Shellfish genetics could be the key to climate change adaptation

A recent NOAA study found that by 2040, Alaskan shellfish hatcheries may no longer be sustainable because of ocean acidification, unless serious mitigation efforts are put in place. We recently reported on a hatchery in Oregon that’s become a model for adapting to these different conditions. But the long term solution may actually lie in shellfish genes.

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Diagram of upwelling which is a cycle of seasonal winds pushing newer oxygen-rich water off the surface of the ocean and older, nutrient and CO2 rich water rising up to take its place causing a lot of pH fluctuation. (Image courtesy of NOAA)
Diagram of upwelling which is a cycle of seasonal winds pushing newer oxygen-rich water off the surface of the ocean and older, nutrient and CO2 rich water rising up to take its place causing a lot of pH fluctuation. (Image courtesy of NOAA)

Evolution and resiliency are the buzzwords for a sustainable mariculture industry in Alaska, a state that is particularly vulnerable.

“And Alaska is going to be the test bed unfortunately for informing us for how the rest of the ecosystem will respond to ocean acidification,” says Jeremy Mathis, a NOAA oceanographer who worked on the recent study based at the Alutiiq Pride Shellfish Hatchery in Seward.

One short-term solution hatcheries are testing is injecting the acidic ocean water with carbonates that are needed for organisms like clams and mussels to develop hard shells.

But in the long term, Mathis says they may need to turn to genetics for answers.

“Ideally we can start looking at species that are more resilient to ocean acidification and adapting the commercial fisheries and commercial processing to animals that have that robustness to tolerate ocean acidification as opposed to the ones that are more vulnerable to it,” says Mathis.

That’s where scientists like Gretchen Hofmann come in. She’s a marine biology professor at the University of California, Santa Barbara.

“I work on marine invertebrates and sometimes fish and we study how they respond to their environment. We would call it environment-organism interactions and lately we’ve been interested in how these organisms will respond to future changes in ocean pH and ocean warming,” says Hofmann.

She’s a leader in what Mathis calls the emerging field of genetic adaptability.

“So it really just started with a conversation with oceanographers who were thinking about this and from there, we started to do experiments, and then we started to ask deeper questions about whether or not organisms could adapt to these changes in the ocean and even if there are already genotypes and strains of organisms that are able to handle a low pH condition,” says Hofmann.

She says the first experiments they did were a bit too basic for Mother Nature. They’d take species, put them in water with different pH, and see how they’d react. That didn’t reflect natural variations in ocean conditions.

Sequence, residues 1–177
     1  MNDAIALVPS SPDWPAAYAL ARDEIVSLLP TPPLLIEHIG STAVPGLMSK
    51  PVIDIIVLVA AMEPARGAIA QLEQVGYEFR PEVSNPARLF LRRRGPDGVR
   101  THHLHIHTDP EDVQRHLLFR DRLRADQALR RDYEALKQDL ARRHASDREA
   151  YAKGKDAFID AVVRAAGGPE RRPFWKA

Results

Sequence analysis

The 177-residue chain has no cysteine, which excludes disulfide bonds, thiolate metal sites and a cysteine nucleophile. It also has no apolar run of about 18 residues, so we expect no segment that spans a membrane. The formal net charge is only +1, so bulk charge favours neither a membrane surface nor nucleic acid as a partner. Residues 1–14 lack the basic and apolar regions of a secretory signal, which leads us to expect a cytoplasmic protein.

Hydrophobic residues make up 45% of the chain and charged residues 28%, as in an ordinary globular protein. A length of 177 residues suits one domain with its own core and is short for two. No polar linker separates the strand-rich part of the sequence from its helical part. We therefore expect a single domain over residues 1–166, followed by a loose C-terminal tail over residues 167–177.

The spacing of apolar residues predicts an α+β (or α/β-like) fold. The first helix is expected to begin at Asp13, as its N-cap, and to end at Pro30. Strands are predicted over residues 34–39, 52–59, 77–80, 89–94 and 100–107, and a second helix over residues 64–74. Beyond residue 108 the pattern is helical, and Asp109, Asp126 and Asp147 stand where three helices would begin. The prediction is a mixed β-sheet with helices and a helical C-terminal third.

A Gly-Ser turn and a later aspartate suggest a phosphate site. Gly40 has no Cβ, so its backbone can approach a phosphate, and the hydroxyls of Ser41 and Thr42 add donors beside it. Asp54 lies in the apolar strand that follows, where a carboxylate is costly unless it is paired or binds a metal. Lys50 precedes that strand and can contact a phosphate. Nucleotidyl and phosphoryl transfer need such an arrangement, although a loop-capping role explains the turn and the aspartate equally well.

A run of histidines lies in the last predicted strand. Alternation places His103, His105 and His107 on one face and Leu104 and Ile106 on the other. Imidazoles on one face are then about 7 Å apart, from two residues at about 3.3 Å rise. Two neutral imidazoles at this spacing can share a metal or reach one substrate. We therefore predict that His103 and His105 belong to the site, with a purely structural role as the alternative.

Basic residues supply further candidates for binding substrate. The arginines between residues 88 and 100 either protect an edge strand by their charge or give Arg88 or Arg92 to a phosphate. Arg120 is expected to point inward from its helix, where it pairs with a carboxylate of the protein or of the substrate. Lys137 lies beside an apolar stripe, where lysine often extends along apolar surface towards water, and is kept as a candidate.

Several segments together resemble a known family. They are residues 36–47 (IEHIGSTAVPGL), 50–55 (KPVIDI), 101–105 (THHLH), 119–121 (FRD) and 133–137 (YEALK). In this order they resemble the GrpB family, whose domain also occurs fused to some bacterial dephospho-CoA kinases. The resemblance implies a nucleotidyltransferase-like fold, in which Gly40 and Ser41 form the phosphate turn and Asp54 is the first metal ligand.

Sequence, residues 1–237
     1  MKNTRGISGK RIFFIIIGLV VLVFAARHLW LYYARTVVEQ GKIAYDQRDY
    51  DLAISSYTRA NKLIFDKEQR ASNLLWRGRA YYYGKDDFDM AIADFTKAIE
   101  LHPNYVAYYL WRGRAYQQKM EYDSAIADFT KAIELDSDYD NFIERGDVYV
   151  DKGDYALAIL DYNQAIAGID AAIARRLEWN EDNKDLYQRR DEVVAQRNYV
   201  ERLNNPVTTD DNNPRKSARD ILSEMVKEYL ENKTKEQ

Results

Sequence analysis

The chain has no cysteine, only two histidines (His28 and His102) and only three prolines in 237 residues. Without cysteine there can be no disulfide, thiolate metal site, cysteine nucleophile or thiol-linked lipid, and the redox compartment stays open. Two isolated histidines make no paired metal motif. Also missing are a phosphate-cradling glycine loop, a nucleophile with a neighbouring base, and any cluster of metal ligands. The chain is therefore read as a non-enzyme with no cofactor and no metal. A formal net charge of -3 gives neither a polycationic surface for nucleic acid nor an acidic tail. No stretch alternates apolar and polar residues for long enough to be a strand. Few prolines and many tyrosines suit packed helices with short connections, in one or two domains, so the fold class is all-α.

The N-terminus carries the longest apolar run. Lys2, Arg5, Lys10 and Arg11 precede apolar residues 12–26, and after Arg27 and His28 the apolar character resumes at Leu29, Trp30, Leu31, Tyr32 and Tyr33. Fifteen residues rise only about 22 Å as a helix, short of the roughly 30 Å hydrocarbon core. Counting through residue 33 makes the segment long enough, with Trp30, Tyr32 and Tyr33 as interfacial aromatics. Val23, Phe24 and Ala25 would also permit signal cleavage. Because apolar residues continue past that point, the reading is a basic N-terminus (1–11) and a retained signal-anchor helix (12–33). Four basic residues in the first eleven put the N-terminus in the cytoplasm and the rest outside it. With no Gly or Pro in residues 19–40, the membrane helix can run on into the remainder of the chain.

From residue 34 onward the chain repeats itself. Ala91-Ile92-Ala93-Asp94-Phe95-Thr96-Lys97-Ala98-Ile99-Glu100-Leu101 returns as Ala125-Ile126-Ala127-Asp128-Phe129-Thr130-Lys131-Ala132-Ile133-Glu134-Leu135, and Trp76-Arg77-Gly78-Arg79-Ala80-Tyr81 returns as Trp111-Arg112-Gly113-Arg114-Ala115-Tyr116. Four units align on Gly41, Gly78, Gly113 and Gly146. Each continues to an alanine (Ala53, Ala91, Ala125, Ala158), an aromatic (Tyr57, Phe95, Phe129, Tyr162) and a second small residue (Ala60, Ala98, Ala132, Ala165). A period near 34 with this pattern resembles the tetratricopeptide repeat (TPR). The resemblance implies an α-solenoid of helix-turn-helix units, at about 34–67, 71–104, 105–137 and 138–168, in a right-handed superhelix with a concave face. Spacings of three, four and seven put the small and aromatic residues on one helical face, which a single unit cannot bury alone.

“What we found was that there wasn’t just this straight line, no pH change, but that pH was going up and down sometimes quite dramatically,” says Hofmann.

Alaskan waters, for example, are very cold and have shifting pH depending on the seasons, fresh water inputs, and how much CO2-rich glacial melt is present.

From Washington to California, the coast is subject to a phenomenon known as upwelling, which is a cycle of seasonal winds pushing newer oxygen-rich water off the surface of the ocean and older, nutrient and CO2 rich water rising up to take its place. That means a lot of pH fluctuation.

So, Hofmann says they shifted their sea urchin research to take upwelling into account.

“And we formed the hypothesis to test that the adults from the place where there was a lot of low pH exposure would be genetically different from the wimpy ones that did not experience all that pH stress,” says Hofmann.

They found that the urchins from areas with upwelling had a different genetic signature from those who weren’t and their progeny, or babies, were more tolerant of acidic water.

“It was even more interesting because it looked like the trait of being able to tolerate that low pH, that was heritable,” says Hofmann.

She points to work being done in New Zealand, where different types of green-shelled mussels are being cross-bred to develop a new resistant and adaptive strain.

So, an Alaskan hatchery, for example, could choose to make the shift from some common species being raised now to ones that selectively favor that trait.

But it also may mean letting go of consumer preference for certain types of clams, mussels, and other shellfish that just don’t measure up.

“These are things that we should be taking a strong look at because it could be that there are other strains of shellfish that could be used that would be more successful in a mariculture setting. But, it is a very thorny issue and one that I think science could bring a lot of daylight to, I think, if we work together on it,” says Hofmann.

Hofmann says it’s important for industry and scientists to start partnering now, to get ahead of the game as much as possible.

“The first thing we have to do though is get carbon dioxide emission levels under control and then we can deal with the damage that has already been done through mitigation and adaptation strategies,” says Mathis.

Because, the problem will only get worse with each coming year.